Too many individuals who are affected by the Childhood Obesity epidemic are refusing to discuss it. Thus, the epidemic continues to growth at a feverish pace in American society. Over the past 30 years Childhood Obesity has more than tripled. The spread of obesity among children aged 6 to 11 years increased from 6.5% in 1980 to 19.6% in 2008. In addition, adolescents aged 12 to 19 years increased from 5.0% to 18.1%. If this is not an alarm for a call to action, then I don’t know what else will galvanize us to act on safeguarding our children’s health.
Obesity is the result of caloric imbalance (too few calories expended for the amount of calories consumed) and is mediated by genetic, behavioral and environmental factors. The main factors being Genetics, Perinatal ( obese mothers giving birth, maternal smoking between 28-32 weeks’ gestation), Early Life Factors ( infant birth weight, sleep duration), Diet and Physical Activity. Children stricken with the above factors are mostly likely to be obese. Obese youth are more likely to have risk factors for cardiovascular disease, such as high cholesterol or high blood pressure.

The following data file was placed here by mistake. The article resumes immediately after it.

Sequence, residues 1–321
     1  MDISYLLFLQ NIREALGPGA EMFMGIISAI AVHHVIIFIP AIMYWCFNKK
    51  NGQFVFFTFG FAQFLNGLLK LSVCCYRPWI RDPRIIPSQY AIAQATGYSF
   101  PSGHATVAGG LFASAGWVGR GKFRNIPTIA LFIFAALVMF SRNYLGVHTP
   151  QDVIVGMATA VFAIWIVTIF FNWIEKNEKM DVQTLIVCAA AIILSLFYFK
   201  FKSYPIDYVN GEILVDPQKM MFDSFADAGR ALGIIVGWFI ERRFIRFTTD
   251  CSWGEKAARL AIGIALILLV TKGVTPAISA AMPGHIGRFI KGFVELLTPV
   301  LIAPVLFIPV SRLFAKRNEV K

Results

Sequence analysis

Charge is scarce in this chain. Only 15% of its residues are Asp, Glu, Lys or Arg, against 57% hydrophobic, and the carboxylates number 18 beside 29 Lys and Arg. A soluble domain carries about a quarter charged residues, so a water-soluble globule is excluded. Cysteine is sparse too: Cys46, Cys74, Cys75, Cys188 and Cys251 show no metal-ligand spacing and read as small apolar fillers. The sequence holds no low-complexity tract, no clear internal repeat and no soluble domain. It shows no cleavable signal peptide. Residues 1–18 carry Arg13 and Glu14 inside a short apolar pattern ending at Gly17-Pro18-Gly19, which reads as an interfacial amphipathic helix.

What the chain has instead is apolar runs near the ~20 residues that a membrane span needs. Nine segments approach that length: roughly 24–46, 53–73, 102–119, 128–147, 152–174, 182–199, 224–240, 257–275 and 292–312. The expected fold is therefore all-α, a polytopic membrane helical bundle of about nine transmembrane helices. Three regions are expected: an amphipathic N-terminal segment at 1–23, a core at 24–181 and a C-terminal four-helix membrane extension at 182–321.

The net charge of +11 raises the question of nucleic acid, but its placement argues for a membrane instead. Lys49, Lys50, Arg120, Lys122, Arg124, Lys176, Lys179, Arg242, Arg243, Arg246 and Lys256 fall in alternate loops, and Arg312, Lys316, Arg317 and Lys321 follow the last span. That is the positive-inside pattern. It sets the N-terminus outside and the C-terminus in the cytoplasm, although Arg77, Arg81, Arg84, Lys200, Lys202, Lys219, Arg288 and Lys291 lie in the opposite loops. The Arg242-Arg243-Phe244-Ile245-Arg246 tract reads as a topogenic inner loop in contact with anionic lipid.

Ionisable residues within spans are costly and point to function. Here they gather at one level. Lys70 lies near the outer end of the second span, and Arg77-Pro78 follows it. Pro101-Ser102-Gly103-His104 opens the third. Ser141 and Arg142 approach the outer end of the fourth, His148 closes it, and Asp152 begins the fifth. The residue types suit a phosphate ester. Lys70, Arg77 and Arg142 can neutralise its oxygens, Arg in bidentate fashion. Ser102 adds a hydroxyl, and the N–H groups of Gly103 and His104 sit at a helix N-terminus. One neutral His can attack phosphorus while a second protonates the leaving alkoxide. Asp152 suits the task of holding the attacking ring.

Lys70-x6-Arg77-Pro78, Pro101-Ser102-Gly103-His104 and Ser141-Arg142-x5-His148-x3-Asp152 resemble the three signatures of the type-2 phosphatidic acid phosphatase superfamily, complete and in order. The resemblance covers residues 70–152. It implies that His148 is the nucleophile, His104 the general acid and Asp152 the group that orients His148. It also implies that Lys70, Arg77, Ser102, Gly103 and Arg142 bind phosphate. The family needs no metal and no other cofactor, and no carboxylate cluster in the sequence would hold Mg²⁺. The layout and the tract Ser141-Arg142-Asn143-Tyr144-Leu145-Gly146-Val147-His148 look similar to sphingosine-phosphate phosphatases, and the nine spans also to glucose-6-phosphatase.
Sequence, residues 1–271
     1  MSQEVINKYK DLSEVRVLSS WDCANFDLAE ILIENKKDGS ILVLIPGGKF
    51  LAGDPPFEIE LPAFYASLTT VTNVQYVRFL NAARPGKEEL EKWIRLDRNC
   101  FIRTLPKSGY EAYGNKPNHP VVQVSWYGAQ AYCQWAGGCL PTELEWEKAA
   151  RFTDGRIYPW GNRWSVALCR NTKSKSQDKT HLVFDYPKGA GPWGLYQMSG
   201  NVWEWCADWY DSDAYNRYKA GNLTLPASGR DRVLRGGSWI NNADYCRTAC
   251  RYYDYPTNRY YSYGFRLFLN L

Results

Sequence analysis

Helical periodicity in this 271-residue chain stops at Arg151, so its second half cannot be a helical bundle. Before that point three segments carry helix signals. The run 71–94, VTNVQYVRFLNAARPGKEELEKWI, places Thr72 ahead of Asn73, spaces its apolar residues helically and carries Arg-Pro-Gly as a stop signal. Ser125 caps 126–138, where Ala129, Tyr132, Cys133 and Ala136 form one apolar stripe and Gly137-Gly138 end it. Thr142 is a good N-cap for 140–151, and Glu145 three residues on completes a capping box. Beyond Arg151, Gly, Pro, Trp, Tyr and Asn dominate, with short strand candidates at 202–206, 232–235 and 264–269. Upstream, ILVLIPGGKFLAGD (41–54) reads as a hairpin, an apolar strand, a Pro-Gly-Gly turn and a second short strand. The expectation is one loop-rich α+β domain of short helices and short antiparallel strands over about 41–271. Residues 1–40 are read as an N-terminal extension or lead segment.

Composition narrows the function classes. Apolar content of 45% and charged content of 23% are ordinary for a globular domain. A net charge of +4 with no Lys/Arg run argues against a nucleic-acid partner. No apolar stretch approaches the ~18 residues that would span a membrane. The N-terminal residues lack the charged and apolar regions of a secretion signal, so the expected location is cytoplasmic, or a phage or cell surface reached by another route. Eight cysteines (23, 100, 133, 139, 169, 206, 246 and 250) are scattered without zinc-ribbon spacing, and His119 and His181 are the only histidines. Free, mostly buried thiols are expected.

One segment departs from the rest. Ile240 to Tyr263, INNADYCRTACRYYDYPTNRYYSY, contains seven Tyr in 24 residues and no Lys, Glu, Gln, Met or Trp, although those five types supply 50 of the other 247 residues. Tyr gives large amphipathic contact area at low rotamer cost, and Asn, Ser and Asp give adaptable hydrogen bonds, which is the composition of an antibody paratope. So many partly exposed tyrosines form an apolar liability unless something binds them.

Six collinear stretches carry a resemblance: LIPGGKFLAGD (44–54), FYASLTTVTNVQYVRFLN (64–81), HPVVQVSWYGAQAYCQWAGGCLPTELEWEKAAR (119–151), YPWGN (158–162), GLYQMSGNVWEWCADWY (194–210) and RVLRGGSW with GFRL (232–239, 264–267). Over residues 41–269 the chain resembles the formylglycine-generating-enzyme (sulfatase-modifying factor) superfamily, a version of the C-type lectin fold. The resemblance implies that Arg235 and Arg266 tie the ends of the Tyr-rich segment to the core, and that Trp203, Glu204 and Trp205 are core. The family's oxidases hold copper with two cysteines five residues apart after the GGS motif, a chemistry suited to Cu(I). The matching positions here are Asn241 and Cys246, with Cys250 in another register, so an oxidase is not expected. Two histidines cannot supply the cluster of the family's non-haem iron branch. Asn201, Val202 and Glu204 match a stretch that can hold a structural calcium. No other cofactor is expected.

The National Longitudinal Survey of Youth study revealed that obese children with decreasing levels of self-esteem demonstrated significantly higher rates of sadness, loneliness, nervousness and are more likely to engage in high-risk behaviors such as smoking or consuming alcohol. As you can discerned, there is nothing but bad news associated with childhood obesity. We must save our children from this epidemic. Everyone can help by encouraging children to eat healthy, nutritious foods and avoid a sedentary lifestyle. Enlist them in sporting activities and monitor the time they sit at home computers or laptops.
The time has come for us to be honest and courageous by arresting the childhood obesity epidemic. Ignoring this mostly curable epidemic is killing our children and adding astronomical costs to families healthcare expenses. We must save our children from a life of lack of self-esteem – the potential result of childhood obesity.